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Ther Drug Monit. 2007 Apr;29(2):171-6.

Efficacy of low-dose boosted saquinavir once daily plus nucleoside reverse transcriptase inhibitors in pregnant HIV-1-infected women with a therapeutic drug monitoring strategy.

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  • 1Infectious Diseases Service, Hospitales Universitarios Virgen del Rocío, Seville, Spain. lflopez@telefonica.net

Abstract

The efficacy of low-dose, ritonavir-boosted saquinavir (SQV/rtv) once daily plus 2 nucleoside retrotranscriptase inhibitors (NRTIs) in pregnant human immunodeficiency virus (HIV)-1-infected women was prospectively evaluated, ensuring a SQV minimum concentration (Cmin) >/=100 ng/mL with a therapeutic drug monitoring strategy. The primary clinical endpoint was the percentage of women with an HIV-RNA viral load (VL) of <50 copies/mL at the time of delivery. Forty-nine pregnancy episodes were included, with a median CD4 count and VL of 441/muL and 3710 copies/mL, respectively. Two patients were lost to follow-up and 1 patient discontinued treatment because of abdominal discomfort. SQV levels were in excess of the target Cmin in 43 of 46 episodes (93.4%) in which the end of pregnancy was reached on 1200/100 mg daily. The dosage was increased to 1600/100 mg in the remaining 3 episodes to achieve the target levels. By an intention-to-treat analysis, VL was undetectable at delivery in 43 episodes (87.7%; 95% confidence interval, 78.5-96.9) after a median of 18 weeks of treatment (range, 3-39). In the 3 episodes remaining, VLs of 110,400 copies/mL and no available data were observed after only 3 weeks of treatment. Mild adverse events attributable to SQV/rtv occurred in 6 of 49 pregnancies (12.2%). No cases of HIV vertical transmission were observed. The pharmacokinetics, efficacy, and tolerability of this regimen suggest that once-daily low-dose boosted SQV may be considered an appropriate option in PI-naive or limited-PI-experienced HIV-infected pregnant women. Nevertheless, therapeutic drug monitoring is advisable to maintain appropriate levels throughout pregnancy.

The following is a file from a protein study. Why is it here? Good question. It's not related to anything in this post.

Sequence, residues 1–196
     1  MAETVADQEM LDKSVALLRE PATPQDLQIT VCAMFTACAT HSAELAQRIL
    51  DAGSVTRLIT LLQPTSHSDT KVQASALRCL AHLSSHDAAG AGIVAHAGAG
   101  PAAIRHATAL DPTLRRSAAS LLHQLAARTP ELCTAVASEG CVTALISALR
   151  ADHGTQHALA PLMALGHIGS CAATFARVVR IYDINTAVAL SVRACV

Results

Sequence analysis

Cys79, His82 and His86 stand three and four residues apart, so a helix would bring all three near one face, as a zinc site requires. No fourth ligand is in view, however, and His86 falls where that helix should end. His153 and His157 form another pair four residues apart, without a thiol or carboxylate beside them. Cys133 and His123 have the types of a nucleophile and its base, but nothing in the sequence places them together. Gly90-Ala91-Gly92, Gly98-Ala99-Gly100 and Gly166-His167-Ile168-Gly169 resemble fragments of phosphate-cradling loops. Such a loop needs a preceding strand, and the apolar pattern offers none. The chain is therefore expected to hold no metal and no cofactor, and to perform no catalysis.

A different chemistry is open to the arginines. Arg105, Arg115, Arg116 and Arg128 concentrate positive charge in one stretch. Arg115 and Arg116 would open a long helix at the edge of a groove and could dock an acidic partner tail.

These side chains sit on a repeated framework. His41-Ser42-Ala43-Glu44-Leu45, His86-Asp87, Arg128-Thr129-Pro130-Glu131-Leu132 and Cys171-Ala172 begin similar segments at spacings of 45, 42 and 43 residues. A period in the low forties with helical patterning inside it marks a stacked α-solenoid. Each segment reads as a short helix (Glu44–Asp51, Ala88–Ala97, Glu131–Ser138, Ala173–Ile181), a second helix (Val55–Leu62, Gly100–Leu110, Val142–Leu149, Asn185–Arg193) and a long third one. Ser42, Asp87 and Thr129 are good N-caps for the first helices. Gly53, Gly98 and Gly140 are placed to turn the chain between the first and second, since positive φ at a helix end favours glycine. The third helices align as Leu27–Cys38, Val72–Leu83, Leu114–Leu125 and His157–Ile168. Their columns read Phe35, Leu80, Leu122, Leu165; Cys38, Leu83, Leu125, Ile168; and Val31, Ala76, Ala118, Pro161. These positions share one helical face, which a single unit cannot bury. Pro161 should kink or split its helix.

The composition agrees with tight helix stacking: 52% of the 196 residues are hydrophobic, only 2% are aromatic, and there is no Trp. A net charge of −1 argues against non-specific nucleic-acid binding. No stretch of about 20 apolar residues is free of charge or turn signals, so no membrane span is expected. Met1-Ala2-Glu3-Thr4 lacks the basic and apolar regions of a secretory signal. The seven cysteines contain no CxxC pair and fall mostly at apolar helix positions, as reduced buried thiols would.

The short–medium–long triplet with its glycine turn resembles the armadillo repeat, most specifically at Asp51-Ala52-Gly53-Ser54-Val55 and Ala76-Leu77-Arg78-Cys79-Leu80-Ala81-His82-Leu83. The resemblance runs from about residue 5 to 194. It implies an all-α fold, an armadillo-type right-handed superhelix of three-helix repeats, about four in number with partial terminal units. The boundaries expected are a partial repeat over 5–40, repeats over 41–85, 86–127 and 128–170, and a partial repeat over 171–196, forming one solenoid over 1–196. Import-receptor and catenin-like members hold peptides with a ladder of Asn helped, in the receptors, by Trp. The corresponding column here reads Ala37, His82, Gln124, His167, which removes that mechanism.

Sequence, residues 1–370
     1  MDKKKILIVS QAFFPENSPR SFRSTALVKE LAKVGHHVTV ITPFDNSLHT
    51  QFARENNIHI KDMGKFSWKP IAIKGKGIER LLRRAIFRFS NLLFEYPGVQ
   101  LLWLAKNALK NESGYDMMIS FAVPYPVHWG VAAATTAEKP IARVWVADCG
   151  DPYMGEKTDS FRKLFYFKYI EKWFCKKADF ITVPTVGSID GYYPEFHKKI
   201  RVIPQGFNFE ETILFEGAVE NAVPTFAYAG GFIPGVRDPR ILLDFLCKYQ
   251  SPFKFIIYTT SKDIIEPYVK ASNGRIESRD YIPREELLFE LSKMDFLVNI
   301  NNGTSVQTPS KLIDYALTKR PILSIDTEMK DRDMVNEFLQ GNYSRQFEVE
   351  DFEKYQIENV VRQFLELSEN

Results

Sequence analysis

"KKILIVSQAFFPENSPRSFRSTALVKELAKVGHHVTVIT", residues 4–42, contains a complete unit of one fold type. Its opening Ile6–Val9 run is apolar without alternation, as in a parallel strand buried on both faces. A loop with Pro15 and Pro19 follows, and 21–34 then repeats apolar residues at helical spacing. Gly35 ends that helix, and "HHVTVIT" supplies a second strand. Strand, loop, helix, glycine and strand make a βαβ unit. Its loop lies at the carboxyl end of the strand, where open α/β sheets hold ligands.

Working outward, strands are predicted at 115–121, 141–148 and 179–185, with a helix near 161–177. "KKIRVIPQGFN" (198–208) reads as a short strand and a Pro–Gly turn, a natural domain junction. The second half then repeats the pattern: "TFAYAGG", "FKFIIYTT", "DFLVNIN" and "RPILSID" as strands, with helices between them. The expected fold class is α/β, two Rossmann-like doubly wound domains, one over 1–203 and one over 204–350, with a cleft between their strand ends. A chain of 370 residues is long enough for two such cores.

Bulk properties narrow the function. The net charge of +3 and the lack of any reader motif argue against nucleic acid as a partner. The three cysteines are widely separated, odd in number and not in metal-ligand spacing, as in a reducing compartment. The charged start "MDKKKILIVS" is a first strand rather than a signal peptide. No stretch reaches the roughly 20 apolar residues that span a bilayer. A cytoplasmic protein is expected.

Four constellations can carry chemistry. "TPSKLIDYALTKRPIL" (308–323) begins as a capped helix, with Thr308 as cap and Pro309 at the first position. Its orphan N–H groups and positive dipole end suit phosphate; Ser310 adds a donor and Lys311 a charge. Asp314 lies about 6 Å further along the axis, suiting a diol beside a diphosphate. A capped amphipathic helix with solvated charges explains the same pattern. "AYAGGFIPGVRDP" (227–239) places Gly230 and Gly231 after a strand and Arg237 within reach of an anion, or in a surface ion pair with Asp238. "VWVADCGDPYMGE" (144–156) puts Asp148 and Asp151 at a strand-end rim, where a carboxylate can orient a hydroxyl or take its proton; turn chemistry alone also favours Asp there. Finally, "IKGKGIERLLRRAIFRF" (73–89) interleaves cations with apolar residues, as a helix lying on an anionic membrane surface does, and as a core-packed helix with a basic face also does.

PMID:
17417070
[PubMed - indexed for MEDLINE]
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